On fight nights, like tonight, Western maintained an open room.

Emilio Vasquez patiently sat on the bed, one eye closed from his opponent’s right hand—the other with a two-inch laceration under the brow. Close by, Olivia reviewed the ED notes.

Louise had officiously summarized protocols for her as she came on the shift. Olivia was aware she was being used by the Commission, but even so, she was pleased to be thinking about somebody other than her brother lying upstairs. When Bart arrived, she was more than happy to lay it on thick.

She was used to academia, which called for a cold demeanor in medical practice. Each patient became an interesting case for debate. Tonight, without residents, this fighter was her responsibility alone. She was surprised to find herself feeling good here, feeling like a real doctor.

“Dr. Norris?” Louise inquired as Olivia stepped over to the main desk.

“Call me Olivia, Louise.”

“No, doctor, against policy.”

“Understood,” she said feeling sheepish. “Has Mr. Vasquez had his head CT? I was going to swing by radiology.”

“The acute abdomen in Bed 3 took precedence. Vasquez will get his about 10:00 PM. According to the paramedics, he lost consciousness for 90 seconds, had no amnesia and came in with a mild headache, dizziness and nausea. A typical closed head injury.”

“My thought exactly… The ‘typical’ part anyway,” she sighed. Comfortable that Louise could be an ally, she added, “Why’d they consult me? Don’t these knockouts happen all the time, and they send the kids for routine scans, observation and then home?”

“Could be an overreaction after your brother’s injury. At least we had an opportunity to meet. I like to know all the new physicians on staff.”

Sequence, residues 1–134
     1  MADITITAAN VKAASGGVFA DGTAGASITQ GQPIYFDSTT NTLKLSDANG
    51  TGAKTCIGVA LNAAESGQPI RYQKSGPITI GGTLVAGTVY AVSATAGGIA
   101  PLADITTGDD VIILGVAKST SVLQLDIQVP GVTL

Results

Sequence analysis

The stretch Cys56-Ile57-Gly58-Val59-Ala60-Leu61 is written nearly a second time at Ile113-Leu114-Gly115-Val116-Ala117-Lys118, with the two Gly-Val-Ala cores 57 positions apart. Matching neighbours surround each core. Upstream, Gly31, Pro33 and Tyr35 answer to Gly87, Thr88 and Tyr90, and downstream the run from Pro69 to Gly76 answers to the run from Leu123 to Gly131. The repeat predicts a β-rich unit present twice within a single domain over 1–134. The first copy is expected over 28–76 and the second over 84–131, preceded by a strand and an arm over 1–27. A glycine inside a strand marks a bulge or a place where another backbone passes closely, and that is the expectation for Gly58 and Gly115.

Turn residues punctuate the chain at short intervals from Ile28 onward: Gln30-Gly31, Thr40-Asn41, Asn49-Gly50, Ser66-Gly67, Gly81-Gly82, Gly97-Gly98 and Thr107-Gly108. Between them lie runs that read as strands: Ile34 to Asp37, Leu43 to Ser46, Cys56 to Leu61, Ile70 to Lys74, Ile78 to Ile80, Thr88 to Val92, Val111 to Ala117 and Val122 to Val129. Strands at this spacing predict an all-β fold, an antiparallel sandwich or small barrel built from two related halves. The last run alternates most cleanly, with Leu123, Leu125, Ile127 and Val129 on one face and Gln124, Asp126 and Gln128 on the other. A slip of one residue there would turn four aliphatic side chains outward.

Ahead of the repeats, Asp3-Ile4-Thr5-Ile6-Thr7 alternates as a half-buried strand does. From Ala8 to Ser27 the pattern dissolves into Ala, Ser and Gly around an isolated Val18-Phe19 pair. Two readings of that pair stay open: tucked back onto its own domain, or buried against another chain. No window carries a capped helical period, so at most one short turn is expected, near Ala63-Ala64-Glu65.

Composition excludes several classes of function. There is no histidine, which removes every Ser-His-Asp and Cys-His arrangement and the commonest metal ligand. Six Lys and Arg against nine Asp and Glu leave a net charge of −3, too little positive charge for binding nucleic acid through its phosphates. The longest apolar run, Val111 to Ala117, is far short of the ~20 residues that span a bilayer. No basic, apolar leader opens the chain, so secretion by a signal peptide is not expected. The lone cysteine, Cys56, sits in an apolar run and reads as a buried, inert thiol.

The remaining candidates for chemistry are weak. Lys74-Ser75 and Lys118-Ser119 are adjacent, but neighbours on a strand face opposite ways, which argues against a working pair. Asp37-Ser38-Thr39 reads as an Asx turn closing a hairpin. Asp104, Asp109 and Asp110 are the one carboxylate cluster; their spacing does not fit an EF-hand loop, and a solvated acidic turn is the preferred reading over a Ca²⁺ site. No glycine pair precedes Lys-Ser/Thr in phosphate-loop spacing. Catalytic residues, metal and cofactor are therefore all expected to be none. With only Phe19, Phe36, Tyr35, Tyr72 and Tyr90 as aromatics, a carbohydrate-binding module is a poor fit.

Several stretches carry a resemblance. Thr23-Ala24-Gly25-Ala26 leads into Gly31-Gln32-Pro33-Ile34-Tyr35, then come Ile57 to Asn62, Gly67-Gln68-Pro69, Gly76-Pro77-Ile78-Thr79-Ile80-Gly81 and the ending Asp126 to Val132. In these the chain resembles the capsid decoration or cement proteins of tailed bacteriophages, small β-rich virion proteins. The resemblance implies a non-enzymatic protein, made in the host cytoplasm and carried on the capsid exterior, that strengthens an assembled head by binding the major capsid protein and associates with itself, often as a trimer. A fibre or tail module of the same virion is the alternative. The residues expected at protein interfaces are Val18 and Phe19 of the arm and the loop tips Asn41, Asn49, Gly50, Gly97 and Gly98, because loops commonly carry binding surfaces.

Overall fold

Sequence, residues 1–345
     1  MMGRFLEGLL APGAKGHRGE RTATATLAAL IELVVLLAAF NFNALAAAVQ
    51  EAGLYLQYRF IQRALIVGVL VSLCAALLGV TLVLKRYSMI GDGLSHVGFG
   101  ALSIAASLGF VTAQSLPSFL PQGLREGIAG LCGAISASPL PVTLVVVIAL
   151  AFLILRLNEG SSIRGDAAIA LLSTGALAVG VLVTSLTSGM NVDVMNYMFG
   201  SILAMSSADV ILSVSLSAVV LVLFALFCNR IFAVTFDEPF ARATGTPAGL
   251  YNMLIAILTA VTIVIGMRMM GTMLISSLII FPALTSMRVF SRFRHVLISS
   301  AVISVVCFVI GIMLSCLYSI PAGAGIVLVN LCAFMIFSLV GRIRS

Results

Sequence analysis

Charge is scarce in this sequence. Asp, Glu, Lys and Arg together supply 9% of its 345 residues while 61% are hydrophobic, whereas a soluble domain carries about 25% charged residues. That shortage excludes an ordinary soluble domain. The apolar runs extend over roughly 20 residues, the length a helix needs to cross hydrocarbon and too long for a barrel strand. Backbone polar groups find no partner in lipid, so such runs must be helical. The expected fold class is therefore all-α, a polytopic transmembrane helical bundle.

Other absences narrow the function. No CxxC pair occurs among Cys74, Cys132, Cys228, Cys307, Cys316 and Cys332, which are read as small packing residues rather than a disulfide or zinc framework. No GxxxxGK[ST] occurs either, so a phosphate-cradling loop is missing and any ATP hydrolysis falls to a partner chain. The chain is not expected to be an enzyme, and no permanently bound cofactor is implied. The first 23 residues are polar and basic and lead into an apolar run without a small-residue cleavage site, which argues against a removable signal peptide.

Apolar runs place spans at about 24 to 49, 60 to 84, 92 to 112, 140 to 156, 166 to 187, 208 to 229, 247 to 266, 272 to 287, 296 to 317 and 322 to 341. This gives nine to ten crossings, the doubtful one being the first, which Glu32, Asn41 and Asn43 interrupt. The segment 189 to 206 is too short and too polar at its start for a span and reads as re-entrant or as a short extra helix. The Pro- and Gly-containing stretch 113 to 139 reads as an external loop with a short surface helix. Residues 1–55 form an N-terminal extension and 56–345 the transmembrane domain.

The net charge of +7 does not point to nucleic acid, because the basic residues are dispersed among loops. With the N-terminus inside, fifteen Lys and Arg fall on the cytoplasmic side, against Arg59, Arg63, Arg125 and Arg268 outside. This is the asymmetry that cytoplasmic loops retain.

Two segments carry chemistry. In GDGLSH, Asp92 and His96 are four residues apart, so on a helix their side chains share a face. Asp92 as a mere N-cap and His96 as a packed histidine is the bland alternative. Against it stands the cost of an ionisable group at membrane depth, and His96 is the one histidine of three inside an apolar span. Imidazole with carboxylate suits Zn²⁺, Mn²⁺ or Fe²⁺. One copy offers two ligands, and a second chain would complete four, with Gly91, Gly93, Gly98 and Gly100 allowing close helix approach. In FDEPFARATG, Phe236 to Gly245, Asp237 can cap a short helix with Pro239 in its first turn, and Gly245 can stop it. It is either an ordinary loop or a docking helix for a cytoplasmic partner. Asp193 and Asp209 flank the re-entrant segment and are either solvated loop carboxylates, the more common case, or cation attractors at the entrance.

Vasquez’s laser-white smile lit up his face when he saw Olivia. She reached for his hands, every bit as soft as a concert violinist’s. He gazed at the floor and spoke in a soft monotone, answering Olivia’s probing questions in broken English. Olivia declined a translator. She spoke her mother tongue to him, asking him about himself, liking the human contact.

Vasquez told her he was born in Valle De Bravo, a small affluent lakeside town outside Mexico City. He said that the villas—all modern—looked like they were carved into the rocks. It was a place like the Hamptons, where well-to-do Mexico City residents flocked on weekends. His uncle, four brothers and two sisters were professional fighters. They all worked in local restaurants, hoping one day to own a home there.

An invitation to fight in Vegas meant he hit the big time even though it was a club show. At home, he would now be a celebrity. He was 26, with a record of 16 wins, 10 losses and one draw. Plus his record didn’t include several undocumented Mexican bouts. No one knew how many battles he’d fought in the gym.

Olivia took the time to listen and ended up with an invitation to his next fight.

Never had a patient been so thankful for her care. Was this true of all boxers, or was Vasquez trying to get back in the ring sooner than he belonged? It wasn’t cynical of her to wonder this. It was her job. Vasquez’s wife was about to deliver their first child, and he would need money to cover her hospital bills; then he could rest. He asked several times if Olivia could clear him to return to the ring sooner. To his disappointment, she clarified that it was the NBC’s decision, not hers.

“How’s Mr. Vasquez doing?” Bart whispered, coming up behind her.

Taking in his Clooney-esque half-grin, she responded smugly. “Dr. Rossi, so you know my fighter? He’s doing very well.” She turned back to Vasquez.

“Emilio, momentito. Quero hablar con la mas importante, Doctor Rossi. Voi el conoces?” Telling the young fighter that she was going to discuss suspension rules with the doc, she moved Rossi out of earshot.